Americans are proud of their freedom of religion, and the work of J. Gordon Melton shows they have a whole lot of religions to choose from.
The Roman Catholic Church may be huge but it's only one among 116 Catholic denominations. Orthodox Christians have an even higher total, and Protestantism is notoriously splintered; its Pentecostal segment alone counts groups by the hundreds.
There's a denomination for practically everyone.
If the Episcopal Church won't do, worshippers can move leftward into the Metaphysical Episcopal Church or Free Episcopal Church, or rightward into dozens of breakaways like the Anglican Mission in America.
Does Unitarianism seem too conventional? The denomination offers a subgroup of Unitarian Univeralist Pagans.
Moving further from the mainstream, there's always the Church of God Anonymous, the Nudist Christian Church of the Blessed Virgin Jesus or the Only Fair Religion.
All are among 2,630 U.S. and Canadian faith groups described in the new edition of the indispensable "Encyclopedia of American Religion." Melton, a one-time United Methodist pastor, treats each entry with nonpartisan objectivity and — when necessary — a straight face.
The total includes ecumenical organizations, loosely-knit movements and defunct faiths. But most are still-existing denominations with distinct flocks (Melton prefers to call them "primary religious groups").
Melton's task includes placing religions into 26 "families" — and then breaking those down into subcategories. For instance, his "Psychic New Age" family includes Sun Myung Moon's Unification movement, Jim Jones' suicidal People's Temple and the Church of Scientology.
Among religions difficult to classify are the eight that practice drug use, 22 that believe in UFOs — including the Raelians at the center of the recent human cloning claims — and 12 mail-order religions that dispense instant clergy credentials or divinity degrees.
Melton's curiosity originated during his Alabama boyhood, when he attended a family reunion at a rural church. His mother warned, "Whatever you do, don't talk about religion" because some relatives were touchy Pentecostalists and Jehovah's Witnesses. By late high school, he had given up stamp collecting for sect collecting.
In the 44 years since, he has obsessively compiled data on more creeds than anyone knew existed.
He has deposited his trove of 70,000 books and 40 filing cabinets of materials at the University of California, Santa Barbara, where he teaches part time. The campus is two blocks from his Institute for the Study of American Religion.
Melton, 60, is especially adept at tracking obscure, smaller groups. He's an expert on occultism and takes pride in discovering religions that practice rigorous secrecy, such as the Kennedy Worshippers, who have made the late U.S. president into a divinity, and the Two-by-Two's, a network of nomadic evangelists.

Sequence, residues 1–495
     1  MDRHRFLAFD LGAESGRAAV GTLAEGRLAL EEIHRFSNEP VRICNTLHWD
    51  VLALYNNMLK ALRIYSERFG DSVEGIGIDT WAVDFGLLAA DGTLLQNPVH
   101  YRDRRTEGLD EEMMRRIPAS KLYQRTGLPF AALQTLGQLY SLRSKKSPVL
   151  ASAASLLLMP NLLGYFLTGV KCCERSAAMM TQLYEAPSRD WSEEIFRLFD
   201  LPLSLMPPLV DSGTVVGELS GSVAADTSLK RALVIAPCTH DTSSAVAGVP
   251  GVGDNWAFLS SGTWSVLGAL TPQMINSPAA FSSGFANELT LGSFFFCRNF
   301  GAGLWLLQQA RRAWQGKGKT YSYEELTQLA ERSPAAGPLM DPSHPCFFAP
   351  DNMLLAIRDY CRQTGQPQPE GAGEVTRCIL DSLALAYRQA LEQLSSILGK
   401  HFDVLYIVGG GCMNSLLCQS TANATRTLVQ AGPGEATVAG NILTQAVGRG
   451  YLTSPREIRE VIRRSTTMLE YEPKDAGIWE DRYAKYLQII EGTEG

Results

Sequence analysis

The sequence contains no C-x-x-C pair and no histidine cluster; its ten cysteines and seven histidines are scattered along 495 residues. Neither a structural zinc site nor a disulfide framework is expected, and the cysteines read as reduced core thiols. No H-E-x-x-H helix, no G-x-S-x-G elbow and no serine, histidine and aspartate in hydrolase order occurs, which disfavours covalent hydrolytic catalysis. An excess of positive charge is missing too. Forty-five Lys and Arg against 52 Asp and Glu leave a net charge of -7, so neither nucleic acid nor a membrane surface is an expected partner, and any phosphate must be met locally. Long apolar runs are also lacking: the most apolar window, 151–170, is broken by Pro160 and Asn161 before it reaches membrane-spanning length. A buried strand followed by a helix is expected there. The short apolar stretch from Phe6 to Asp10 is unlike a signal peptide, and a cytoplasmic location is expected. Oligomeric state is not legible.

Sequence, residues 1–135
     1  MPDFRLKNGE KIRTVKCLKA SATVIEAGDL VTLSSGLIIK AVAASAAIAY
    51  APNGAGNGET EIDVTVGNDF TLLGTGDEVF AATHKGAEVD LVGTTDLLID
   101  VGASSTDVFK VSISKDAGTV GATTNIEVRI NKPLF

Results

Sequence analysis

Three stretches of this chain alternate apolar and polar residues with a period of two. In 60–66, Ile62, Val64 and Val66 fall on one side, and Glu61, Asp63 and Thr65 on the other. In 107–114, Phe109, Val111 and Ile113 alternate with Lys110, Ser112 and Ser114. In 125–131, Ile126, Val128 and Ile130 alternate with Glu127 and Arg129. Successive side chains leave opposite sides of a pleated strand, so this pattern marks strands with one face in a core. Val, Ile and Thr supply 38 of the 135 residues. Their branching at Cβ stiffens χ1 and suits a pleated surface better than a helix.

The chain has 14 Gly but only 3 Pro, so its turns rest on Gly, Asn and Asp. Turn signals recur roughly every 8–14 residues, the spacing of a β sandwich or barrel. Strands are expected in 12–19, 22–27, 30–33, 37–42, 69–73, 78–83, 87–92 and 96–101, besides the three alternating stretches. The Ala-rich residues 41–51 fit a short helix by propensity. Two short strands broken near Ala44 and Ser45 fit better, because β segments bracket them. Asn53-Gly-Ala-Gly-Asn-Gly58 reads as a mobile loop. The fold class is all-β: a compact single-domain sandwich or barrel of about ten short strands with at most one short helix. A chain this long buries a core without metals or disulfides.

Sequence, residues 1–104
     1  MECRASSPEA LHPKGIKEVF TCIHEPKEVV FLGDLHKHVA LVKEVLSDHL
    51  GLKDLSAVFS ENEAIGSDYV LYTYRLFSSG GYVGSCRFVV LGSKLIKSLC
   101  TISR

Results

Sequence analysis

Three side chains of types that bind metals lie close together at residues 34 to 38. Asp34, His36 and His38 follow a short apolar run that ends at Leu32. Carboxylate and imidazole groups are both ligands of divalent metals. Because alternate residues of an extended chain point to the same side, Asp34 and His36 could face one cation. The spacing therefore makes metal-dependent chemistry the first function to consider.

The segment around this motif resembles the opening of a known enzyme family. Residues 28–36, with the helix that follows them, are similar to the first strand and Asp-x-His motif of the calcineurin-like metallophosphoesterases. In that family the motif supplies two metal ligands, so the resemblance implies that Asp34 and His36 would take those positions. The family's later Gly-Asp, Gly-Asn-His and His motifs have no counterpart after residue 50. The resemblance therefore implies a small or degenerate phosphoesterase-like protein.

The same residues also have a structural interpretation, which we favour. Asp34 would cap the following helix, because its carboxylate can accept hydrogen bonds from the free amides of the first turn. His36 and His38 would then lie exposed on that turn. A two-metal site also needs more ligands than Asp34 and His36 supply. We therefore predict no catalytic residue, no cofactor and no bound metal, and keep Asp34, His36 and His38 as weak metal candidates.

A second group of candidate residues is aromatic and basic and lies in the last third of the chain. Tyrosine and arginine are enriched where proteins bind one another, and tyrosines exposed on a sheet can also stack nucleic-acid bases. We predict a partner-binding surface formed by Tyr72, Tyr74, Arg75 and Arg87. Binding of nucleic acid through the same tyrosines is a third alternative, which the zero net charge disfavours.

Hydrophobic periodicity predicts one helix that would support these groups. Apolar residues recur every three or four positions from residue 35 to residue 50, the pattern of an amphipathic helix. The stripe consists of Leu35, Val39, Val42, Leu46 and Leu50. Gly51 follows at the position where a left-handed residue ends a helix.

Other Melton mentions:
_ All-One-God-Faith Inc. (based in Escondido, Calif.) is simply a soap company that spreads its eclectic doctrines through the labels of its products.
_ The Church of the New Song (Bluffs, Ill.) recruits prison inmates and once claimed porterhouse steaks and Harvey's Bristol Cream to be its communion elements.
_ The Embassy of Heaven (Strayton, Ore.) considers all earthly governments illegitimate and takes the logical step of issuing its own auto license plates.
_ The Worldwide Church of God (Pasadena, Calif.) did something no other new religion ever has, rapidly reverting to standard Christian theology after the death of idiosyncratic founder Herbert W. Armstrong, known for his "World Tomorrow" broadcasts and Plain Truth magazine.
Two points emerge to Melton from all his counting, tracking and compiling.
The United States is the most religiously diverse nation in the world — especially since immigration laws loosened in 1965 — though Europe as a whole is comparable. Christianity is the biggest single element: 70 percent of Americans belong to "some brand of Christian church."
What's more distinct, Melton says, is that America "is certainly the most religious country that has ever existed, in terms of voluntarily taking part in religion. There's no country to equal us, to date." The turning point was World War II when "the majority of the public became church members for the first time."
He thinks diversity contributes to that.
"The Christian groups know they have to compete. It keeps them alive, growing, and adapting, not resting on their laurels as groups in the majority tend to do," he says.
The latest encyclopedia, its seventh edition, has some 250 groups that are newly listed since the 1999 version.
As soon as the manuscript went to the printer, Melton set aside a manila folder for discoveries to add next time. So far, he has found 10 new faiths, three of which believe in vampires.